Webster’s 7th Annual Alumni Symposium 2014
Gender equality and diversity as the secret to economic success
The Alumni Symposium hosted by the Alumni Association at Webster University took place on November 24th in the beautiful Palais Eschenbach in Vienna’s first district. Palais Eschenbach is owned by the Austrian Business Association and offered a historic setting to the pleasant atmosphere. The panel consisted of four women and two men, each from a leading role in the business world. Reflecting on their personal experiences, the group produced a lively debate regarding gender equality to-date and its status of “under construction” within most career fields.
Political scientist, managing editor at “Der Standard” and Webster professor Dr. Eric Frey moderated the panel discussion with the following participants:
- Vera Budway-Strobach, Group Diversity Manager, Erste Group Bank AG
- Ines Stilling, Division Manager for Women and Equality, Federal Ministry for Education and Women’s Affairs
- Lydia J. Goutas, Managing Partner, Lehner Executive Partners
- Andreas Gnesda, President, Austrian Business Association (ÖGV)
- Nadja Jokanovic, Co-Founder & CMO, Wannabe Magazine
Vera Budway-Strobach, trans-national Chief Diversity Officer at Erste Group Bank AG in Vienna and cooperating partner of the Symposium explained the economic advantage of gender equality: „ Numerous studies show that businesses which are diverse in culture as well as in gender on the management level are more successful in an economic sense. Gender equality and diversity in a team do not only have a positive effect on the company, its services and productivity, but also for the economy and society of a country as a whole.“ Ms. Budway-Strobach implemented, through Diversitas, the first comprehensive and systematic program to advance diversity and integration at Erste Group. In line with this program, women are offered training measurements for social competencies such as assertiveness, presentational, as well as negotiation, skills.
Nadja Jokanovic, Co-Founder & CMO of the largest fashion and lifestyle magazine of the Western Balkans, thinks that Serbia will have a lot of catching-up to do in the matter. Gender equality certainly is an issue there, but the traditional role of women is still prevalent. Media and advertisements in Eastern Europe still show stereotypical role models from the 1950’s. Changes need not only to take place in the business world, it is equally important for parents to raise their girls with a certain awareness and encouragement towards a career.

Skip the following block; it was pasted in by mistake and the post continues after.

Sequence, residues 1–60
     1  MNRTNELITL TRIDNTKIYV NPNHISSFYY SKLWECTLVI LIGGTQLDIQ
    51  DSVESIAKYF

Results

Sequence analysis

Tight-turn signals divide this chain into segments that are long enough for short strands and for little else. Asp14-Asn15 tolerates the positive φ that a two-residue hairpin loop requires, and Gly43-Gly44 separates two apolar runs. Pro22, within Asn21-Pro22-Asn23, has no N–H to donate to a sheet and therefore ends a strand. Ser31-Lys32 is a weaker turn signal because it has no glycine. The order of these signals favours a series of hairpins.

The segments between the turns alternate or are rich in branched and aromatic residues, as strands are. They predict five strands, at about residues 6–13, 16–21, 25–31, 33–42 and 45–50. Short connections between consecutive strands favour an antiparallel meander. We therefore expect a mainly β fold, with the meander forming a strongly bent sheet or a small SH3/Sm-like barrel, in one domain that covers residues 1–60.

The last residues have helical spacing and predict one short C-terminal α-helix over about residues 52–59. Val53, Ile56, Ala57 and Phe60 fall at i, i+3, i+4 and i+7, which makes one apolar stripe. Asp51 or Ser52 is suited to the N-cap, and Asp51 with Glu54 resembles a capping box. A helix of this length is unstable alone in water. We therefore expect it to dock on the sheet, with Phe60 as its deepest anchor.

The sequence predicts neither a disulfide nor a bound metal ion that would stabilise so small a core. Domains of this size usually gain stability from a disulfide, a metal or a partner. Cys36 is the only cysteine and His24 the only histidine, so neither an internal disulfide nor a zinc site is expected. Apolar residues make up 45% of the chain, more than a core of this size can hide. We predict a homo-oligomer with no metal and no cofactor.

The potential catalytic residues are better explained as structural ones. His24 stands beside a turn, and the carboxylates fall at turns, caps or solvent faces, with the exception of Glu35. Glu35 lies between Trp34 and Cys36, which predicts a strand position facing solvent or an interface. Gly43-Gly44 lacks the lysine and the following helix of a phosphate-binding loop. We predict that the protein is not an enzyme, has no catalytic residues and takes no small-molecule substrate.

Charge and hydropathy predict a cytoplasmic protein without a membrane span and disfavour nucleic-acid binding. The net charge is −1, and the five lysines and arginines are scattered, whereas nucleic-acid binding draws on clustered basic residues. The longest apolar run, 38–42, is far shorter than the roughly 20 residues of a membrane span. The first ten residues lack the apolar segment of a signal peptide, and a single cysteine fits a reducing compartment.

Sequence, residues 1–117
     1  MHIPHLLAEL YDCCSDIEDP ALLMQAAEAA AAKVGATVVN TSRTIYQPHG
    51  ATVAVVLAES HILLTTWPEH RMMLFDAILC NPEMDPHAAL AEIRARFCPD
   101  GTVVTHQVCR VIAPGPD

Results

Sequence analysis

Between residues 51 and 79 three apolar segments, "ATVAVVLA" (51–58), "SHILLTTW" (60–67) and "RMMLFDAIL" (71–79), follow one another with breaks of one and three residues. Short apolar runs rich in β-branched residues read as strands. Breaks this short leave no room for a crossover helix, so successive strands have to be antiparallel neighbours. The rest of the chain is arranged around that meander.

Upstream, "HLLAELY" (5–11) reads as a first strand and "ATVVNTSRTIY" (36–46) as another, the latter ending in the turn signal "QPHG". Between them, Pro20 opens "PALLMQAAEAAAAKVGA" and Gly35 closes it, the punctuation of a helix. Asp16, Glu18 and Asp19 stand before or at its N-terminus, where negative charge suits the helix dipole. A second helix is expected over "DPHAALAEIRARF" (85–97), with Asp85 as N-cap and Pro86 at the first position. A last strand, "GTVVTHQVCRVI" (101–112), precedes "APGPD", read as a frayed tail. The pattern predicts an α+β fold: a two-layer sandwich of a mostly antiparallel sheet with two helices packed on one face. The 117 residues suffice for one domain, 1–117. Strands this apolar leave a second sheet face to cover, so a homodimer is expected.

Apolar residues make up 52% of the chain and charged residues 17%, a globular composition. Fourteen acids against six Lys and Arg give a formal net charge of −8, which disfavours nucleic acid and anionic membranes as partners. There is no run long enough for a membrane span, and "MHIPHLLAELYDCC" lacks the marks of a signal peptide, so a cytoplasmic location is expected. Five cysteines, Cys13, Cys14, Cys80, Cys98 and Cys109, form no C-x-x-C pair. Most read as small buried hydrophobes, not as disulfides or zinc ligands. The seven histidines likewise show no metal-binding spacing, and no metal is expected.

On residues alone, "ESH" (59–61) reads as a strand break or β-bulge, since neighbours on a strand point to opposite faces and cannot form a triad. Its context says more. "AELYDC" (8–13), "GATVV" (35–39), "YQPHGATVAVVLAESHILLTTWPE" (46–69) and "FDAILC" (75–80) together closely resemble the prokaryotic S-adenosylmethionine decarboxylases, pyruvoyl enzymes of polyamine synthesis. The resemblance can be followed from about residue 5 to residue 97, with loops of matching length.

Ines Stilling is of the same opinion: what needs to be changed is the attitude of society towards this topic – starting from a shared responsibility in raising children all the way to maternity leave. The Austrian Ministry for Education and Women’s Affairs is currently evaluating a prospective model for child benefits, where parents who share the maternity leave time equally, will receive a bonus. First steps in this direction have already been undertaken with the implementation of the so-called „Papa-Month“. Eric Frey reported that such a „Papa-Month“ is well accepted for employees at „Der Standard“ and demonstrates good business practice there.
There was a clear consensus on the issue of quota, something all panelists deemed necessary to close the gap between words and real actions. Without the implementation of quota and standards many commitments to touchy issues in business would have only been addressed verbally.
Equality and diversity must become a standard and fixed part of a business strategy. The correct handling of diversity is a competitive advantage for every international organization or firm. Having a broad spectrum of knowledge, experience and perspectives will help to better understand the diverse needs of clients to be able to offer relevant products and services in return.
A special thanks to our sponsors for contributing to the success of the event, in particular, our main sponsor, Erste Group.
„Gender Equality“ – founding characteristics of Webster University
The story of Webster University portrays a few ground breaking moments for the pathway of women into equality. In 1915, the "Sisters of Loretto" founded the university as a college for women, where women also held key staff positions. Also, Webster Vienna's 1988-1999 director, Elisabeth Chopin, was the first women to lead a university in Austria. And even today, when Webster is celebrating its centennial anniversary, the worldwide president is female, Dr. Beth Stroble.